Around one million people visit A&E each year following a head injury. A head injury can cause a range of different symptoms of varying degrees of severity. A more severe head injury is often referred to as a traumatic brain injury (TBI).
Traumatic Brain Injury (TBI) is an injury to the brain caused by a trauma to the head (head injury). There are many possible causes, including road traffic accidents, assaults, falls and accidents at home or at work.
A mild head injury is defined as a brief period of unconsciousness, or just feeling sick and dizzy, and may result from a person banging their head getting into the car, walking into the top of a low door way, or slipping over in the street. It is estimated that 75-80% of all head injuries fall into this category.
A moderate head injury is defined as loss of consciousness for between 15 minutes and six hours, or a period of post-traumatic amnesia of up to 24 hours. The patient can be kept in hospital overnight for observation, and then discharged if there are no further obvious medical injuries. Patients with moderate head injury are likely to suffer from a number of residual symptoms.
Severe head injury is usually defined as being a condition where the patient has been in an unconscious state for six hours or more, or a post-traumatic amnesia of 24 hours or more. These patients are likely to be hospitalised and receive rehabilitation once the acute phase has passed. Depending on the length of time in coma, these patients tend to have more serious physical deficits.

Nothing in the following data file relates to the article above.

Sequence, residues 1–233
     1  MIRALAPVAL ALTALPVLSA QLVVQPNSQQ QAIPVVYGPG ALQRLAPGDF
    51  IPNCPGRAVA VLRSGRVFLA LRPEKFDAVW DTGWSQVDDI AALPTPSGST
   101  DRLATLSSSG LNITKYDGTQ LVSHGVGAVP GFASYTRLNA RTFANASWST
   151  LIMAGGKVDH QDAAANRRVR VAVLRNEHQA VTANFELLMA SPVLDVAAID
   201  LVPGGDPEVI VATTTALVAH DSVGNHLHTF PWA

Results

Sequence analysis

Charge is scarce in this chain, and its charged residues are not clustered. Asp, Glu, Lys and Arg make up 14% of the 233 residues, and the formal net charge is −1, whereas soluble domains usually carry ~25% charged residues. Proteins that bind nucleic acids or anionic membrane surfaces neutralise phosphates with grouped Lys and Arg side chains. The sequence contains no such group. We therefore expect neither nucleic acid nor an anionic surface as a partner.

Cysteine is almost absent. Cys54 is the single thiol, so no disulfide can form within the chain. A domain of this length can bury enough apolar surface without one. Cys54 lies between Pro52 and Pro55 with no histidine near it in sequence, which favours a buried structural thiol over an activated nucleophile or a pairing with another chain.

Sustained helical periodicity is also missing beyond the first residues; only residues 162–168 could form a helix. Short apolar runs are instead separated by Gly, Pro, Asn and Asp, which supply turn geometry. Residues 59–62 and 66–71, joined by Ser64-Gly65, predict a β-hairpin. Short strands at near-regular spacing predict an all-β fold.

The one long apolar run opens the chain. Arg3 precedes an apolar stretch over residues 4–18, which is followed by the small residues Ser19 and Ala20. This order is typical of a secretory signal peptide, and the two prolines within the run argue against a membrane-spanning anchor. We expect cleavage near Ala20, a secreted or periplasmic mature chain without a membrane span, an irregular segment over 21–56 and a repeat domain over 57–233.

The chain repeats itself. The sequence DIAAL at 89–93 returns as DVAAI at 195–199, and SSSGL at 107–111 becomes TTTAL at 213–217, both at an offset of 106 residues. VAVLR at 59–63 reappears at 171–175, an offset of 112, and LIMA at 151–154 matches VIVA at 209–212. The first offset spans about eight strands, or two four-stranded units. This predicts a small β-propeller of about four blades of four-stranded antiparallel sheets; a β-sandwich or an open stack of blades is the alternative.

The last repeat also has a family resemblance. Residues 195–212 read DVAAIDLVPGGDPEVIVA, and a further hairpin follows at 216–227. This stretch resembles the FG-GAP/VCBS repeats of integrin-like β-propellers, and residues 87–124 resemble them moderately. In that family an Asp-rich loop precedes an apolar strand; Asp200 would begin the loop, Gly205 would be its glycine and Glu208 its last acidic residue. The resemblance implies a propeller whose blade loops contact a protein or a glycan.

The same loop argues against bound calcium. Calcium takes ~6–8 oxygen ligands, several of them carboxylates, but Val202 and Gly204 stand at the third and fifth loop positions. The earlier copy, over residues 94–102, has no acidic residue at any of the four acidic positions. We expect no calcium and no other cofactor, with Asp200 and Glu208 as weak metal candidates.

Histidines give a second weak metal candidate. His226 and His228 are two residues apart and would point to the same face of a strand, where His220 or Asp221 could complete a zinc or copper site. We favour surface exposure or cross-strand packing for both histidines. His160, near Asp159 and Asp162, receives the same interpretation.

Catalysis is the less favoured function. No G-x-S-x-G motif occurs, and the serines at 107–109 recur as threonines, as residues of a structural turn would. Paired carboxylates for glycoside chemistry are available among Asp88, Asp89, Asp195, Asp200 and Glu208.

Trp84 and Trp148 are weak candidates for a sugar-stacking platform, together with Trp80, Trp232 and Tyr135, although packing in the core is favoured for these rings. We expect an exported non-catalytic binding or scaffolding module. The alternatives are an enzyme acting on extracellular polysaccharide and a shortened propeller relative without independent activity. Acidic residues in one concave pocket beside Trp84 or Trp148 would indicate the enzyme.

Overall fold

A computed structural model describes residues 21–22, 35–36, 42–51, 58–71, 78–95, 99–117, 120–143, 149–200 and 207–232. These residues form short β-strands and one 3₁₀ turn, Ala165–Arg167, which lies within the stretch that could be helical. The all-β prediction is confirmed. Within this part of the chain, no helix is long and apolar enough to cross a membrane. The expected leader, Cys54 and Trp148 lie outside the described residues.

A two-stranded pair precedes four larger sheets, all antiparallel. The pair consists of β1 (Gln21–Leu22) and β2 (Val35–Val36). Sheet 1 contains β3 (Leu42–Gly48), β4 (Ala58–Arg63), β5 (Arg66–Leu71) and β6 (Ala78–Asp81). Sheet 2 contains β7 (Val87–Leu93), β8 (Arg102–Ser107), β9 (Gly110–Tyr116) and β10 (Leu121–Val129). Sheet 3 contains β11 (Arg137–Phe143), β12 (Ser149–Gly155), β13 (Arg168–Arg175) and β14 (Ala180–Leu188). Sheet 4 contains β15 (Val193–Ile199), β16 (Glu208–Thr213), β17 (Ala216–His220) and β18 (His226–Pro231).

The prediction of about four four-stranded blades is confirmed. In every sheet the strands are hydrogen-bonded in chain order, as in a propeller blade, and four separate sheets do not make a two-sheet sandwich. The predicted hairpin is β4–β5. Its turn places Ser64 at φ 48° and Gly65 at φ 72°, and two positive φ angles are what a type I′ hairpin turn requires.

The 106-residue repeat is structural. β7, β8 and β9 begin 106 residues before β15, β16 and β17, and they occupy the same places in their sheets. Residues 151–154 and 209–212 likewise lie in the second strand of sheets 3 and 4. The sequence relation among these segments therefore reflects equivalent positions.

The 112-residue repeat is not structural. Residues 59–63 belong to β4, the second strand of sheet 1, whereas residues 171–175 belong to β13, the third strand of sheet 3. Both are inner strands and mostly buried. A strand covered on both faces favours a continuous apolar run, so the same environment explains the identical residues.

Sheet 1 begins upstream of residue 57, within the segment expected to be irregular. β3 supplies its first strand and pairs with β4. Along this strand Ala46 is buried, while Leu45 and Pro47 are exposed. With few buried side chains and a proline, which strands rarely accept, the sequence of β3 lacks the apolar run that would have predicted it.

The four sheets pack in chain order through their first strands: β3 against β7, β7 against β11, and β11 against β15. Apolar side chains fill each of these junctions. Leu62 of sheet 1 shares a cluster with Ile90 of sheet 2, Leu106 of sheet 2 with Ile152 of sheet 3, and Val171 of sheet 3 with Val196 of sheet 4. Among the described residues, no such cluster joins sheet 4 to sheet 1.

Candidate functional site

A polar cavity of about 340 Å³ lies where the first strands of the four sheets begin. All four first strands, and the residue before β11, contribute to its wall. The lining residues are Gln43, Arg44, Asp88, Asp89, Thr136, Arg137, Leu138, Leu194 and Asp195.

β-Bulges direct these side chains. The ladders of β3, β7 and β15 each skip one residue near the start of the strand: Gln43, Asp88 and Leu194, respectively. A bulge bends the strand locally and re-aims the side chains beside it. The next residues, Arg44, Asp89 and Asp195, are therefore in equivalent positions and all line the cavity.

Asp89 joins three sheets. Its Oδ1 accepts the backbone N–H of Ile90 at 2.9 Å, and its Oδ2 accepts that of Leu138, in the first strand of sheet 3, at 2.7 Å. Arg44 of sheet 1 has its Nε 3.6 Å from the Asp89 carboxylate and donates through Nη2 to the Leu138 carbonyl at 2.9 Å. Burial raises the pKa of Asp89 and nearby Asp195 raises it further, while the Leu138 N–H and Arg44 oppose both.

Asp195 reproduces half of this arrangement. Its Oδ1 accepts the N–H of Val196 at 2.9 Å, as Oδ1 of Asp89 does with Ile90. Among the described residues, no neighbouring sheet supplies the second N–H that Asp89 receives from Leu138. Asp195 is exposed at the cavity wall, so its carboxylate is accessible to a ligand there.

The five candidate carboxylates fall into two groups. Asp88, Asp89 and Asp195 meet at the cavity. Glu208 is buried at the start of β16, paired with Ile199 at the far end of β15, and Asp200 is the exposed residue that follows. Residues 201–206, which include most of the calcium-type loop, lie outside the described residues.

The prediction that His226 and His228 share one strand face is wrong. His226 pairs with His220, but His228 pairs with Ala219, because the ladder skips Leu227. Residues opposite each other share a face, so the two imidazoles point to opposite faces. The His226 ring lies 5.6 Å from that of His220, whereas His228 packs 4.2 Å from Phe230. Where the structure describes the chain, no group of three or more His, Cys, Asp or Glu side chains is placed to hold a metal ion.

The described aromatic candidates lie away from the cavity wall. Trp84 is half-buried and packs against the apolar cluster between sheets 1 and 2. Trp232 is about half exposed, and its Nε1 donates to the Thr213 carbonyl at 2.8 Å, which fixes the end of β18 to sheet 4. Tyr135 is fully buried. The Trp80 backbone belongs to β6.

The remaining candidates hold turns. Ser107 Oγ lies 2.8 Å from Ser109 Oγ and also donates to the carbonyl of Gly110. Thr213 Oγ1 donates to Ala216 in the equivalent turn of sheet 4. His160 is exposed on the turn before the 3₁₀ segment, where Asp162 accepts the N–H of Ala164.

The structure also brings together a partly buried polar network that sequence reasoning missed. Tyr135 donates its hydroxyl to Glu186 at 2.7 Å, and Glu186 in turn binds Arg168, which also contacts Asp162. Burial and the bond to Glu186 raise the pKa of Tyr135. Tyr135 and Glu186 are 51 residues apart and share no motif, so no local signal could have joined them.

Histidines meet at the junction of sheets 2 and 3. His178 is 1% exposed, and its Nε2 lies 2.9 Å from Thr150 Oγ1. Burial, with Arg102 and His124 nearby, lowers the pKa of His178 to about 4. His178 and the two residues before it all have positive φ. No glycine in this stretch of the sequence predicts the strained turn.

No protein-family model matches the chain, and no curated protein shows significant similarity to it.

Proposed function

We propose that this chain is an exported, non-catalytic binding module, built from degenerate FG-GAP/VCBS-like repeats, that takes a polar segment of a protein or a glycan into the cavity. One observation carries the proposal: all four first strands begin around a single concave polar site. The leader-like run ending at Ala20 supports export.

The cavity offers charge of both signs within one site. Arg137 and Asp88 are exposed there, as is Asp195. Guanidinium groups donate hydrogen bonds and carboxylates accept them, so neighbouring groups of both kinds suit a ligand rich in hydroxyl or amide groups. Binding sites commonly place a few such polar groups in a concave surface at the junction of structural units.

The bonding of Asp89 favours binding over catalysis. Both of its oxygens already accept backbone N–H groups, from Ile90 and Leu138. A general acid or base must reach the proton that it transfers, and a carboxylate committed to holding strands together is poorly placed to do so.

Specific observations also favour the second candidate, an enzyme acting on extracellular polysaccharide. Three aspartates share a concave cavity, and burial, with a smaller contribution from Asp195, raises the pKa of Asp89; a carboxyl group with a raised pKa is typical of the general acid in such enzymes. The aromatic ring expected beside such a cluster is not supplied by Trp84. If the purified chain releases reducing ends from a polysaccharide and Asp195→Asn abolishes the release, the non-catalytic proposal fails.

The effects of a traumatic brain injury on an individual depends on a number of factors such as the type, location and severity of injury. Traumatic brain injury can leave you feeling that you have lost your independence as you find it difficult to do the things that you normally do.
Where the effects of brain injury persist or cause problems, a person may be referred to rehabilitation services. Rehabilitation aims to help the brain learn alternative ways of working in order to minimise the long-term impact of the brain injury, and help the survivor and their family to cope successfully with any remaining disabilities.
Our aim at therapy-matters would be to promote your independence through hands on therapy, working to improve your muscle strength, muscle activation and function. Symptoms can be wide-ranging, from physical effects such as balance problems, headaches and dizziness to cognitive, emotional and behavioural effects such as memory problems and anger. All our team have years of experience working with people who have had a Traumatic Brain injury, and we will help you in your rehabilitation.
Don’t be discouraged during your recovery stages - recovery will take place and things will not be as difficult all the time. You will make changes and start to improve in your function. Please phone us if you have any questions or need to discuss this some more, we are happy to help.